The End of State Roads in Indianapolis

01 July 1999. The day that Indianapolis lost its lost state roads. Now, if you take into consideration the entire city of Indianapolis, there are still plenty of state roads inside the city limits. But on 01 July 1999, the last numbered routes were dragged outside of, or became part of, Interstate 465. On that day, the last five INDOT roads were rerouted or entirely removed.

That day was a long time coming. The Indiana State Highway Commission, and later its successor INDOT, had been removing state owned highways from the city since 1967. The first road to go away was US 52. That road, which utilized two very old state roads to Indianapolis (the Lafayette Road and the Brookville Road), was being replaced already from Lebanon south. The first part of Interstate 65 built in Indiana was originally built as a part of US 52. When I-465 reached the southeast side of Marion County, US 52 was rerouted along the sections of I-465 that were in place at the time, along the south and west sides.

1973 saw the start of the removal of SR 100. The section that connected SR 431 (Keystone Avenue) to Shadeland Avenue along 86th and 82nd Streets was removed first. 1974 saw almost the entire route of SR 100 finally removed in favor of Interstate 465. The only section of SR 100 that was left after 1974, officially, was from US 40 south to I-465 along Shadeland Avenue.

In 1975, what I call a “wholesale slaughter” of state roads occurred. US 136 was truncated to High School Road and the westside entrance to I-74. US 36 was rerouted along the southside of Indianapolis, as was SR 67. US 421 was moved to follow the north and east legs of I-465. At this point, the only state roads inside I-465 were US 31, US 40, SR 100, SR 135 and two sections of SR 431 on the north and south sides.

The next removal would be in 1986 with the decommissioning of SR 431 along Madison Avenue on the south side. This would remove a eight mile section of the original US 31 (and OSR 1) from Indianapolis and Greenwood. Also, SR 431 on the north side would be cut back to I-465. Unlike the south side, the SR 431 on the northside was an almost 20 year old bypass of the original SR 431 that used Westfield Boulevard.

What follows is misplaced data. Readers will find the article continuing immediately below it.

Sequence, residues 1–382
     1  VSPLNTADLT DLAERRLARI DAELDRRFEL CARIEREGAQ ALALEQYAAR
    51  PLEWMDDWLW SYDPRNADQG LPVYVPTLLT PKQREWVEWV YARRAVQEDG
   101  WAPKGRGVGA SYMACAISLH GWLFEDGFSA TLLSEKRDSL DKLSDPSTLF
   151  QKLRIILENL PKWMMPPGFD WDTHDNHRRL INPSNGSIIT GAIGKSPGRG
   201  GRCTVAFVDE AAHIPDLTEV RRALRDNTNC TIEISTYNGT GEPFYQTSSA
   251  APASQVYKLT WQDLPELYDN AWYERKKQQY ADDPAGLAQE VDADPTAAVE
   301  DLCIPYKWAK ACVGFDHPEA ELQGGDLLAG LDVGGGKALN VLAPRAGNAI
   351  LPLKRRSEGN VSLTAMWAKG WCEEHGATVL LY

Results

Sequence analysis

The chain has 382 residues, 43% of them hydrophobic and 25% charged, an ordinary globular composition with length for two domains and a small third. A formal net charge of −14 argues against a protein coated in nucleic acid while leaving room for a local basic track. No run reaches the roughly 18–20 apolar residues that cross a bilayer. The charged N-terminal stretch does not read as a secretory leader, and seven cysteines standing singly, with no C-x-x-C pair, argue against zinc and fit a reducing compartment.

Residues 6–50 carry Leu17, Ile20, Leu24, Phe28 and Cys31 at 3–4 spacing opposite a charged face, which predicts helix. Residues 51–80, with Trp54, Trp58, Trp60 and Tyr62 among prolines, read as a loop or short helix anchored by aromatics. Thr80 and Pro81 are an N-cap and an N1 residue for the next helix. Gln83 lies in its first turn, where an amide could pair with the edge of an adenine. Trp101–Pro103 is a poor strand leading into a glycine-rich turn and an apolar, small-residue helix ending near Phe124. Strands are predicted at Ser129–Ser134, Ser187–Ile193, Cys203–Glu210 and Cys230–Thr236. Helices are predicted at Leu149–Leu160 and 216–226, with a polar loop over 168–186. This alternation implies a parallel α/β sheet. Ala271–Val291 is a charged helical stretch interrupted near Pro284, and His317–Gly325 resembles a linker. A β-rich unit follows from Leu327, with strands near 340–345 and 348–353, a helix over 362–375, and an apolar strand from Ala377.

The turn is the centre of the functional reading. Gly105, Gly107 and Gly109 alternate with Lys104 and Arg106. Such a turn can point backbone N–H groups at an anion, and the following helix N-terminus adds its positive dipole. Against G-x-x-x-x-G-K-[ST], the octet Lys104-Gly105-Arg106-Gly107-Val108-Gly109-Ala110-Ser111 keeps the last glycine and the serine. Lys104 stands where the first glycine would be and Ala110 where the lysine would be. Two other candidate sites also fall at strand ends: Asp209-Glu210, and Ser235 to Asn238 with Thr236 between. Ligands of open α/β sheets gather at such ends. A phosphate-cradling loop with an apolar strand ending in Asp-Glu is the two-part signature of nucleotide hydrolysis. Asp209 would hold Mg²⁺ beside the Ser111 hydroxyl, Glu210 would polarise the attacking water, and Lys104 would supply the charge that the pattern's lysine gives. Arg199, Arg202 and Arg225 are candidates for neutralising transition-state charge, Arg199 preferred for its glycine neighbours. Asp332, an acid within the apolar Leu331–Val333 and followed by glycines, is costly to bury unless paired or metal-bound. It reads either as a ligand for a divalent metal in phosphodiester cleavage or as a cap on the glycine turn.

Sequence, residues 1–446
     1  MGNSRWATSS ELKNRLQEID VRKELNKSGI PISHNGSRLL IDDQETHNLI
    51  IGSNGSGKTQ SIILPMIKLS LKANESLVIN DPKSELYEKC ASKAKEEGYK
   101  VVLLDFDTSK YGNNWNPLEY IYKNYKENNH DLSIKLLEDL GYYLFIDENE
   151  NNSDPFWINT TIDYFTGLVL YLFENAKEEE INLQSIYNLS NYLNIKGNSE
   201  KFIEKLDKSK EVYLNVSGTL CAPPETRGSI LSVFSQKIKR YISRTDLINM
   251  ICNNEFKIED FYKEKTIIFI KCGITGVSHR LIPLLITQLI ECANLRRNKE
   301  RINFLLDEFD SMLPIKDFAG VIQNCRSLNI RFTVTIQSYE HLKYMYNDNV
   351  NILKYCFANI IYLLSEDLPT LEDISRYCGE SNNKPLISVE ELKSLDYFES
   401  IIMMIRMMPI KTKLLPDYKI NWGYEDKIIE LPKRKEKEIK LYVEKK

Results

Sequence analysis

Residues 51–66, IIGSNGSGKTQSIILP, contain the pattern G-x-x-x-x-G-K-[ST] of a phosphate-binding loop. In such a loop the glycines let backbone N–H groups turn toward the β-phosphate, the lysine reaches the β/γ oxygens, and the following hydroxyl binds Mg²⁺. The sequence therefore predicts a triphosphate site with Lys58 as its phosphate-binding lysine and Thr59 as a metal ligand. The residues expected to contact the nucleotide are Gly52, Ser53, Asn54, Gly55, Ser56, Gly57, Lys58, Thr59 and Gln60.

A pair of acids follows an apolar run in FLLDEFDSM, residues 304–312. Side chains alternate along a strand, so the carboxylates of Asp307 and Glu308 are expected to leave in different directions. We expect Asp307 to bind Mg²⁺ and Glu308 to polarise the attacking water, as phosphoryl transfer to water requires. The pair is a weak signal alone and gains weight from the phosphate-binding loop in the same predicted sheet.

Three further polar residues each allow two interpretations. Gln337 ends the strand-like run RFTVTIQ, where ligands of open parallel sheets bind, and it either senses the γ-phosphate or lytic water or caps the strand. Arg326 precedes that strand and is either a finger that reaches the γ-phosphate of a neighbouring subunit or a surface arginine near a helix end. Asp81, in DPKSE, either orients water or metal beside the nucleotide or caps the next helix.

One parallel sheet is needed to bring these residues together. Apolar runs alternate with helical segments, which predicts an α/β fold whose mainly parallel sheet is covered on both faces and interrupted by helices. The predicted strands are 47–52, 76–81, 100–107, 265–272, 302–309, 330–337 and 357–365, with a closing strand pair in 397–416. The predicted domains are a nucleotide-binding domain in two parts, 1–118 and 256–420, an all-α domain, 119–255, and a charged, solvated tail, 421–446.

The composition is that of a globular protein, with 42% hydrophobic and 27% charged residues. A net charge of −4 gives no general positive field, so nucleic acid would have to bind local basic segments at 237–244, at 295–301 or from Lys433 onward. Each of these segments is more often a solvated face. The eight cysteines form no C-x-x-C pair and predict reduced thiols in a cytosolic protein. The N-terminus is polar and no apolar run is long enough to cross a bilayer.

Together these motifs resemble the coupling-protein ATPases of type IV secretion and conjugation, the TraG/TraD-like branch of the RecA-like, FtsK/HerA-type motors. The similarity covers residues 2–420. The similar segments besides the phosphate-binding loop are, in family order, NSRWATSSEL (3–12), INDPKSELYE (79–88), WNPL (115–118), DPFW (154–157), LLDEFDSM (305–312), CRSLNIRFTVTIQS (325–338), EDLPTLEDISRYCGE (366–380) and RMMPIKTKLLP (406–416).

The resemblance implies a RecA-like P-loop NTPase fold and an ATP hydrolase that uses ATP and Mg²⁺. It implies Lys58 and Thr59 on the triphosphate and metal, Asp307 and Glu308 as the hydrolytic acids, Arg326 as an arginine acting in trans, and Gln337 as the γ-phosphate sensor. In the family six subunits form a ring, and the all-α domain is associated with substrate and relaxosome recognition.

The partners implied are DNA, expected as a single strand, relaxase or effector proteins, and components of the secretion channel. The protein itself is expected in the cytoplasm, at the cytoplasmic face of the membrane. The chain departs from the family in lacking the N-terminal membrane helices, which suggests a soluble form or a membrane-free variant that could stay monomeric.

Then came 01 July 1999. On that day, SR 100 was completely removed from state inventory. SR 135 was rerouted from Troy Avenue to Thompson Road, two miles south, and outside the Interstate 465 loop. The last two highways that existed until that day, US 31 and US 40, were moved to multiplex with I-465 along the south and east sides. This left Indianapolis served, legally, by only I-65 and I-70. This is in keeping with the state law that requires all county seats in Indiana being connected by at least two state maintained highways.

The question that I have been asked a lot is “does (name a through road) still go through Indianapolis?” This is especially asked about US 31 and US 40, major (almost) cross-country highways. The answer I normally give is “well, kinda.” Legally, all of the US routes and state roads are actually continuous routes. They are all routed along I-465 between the two points these roads enter the city. Signage wise? Not on a bet. The only signage that shows how to get from one part of the route to another is a big green sign that states “For (road) (direction) follow I-465 to Exit (number).” There are no signs along I-465 to show travelers that they on the route they want.

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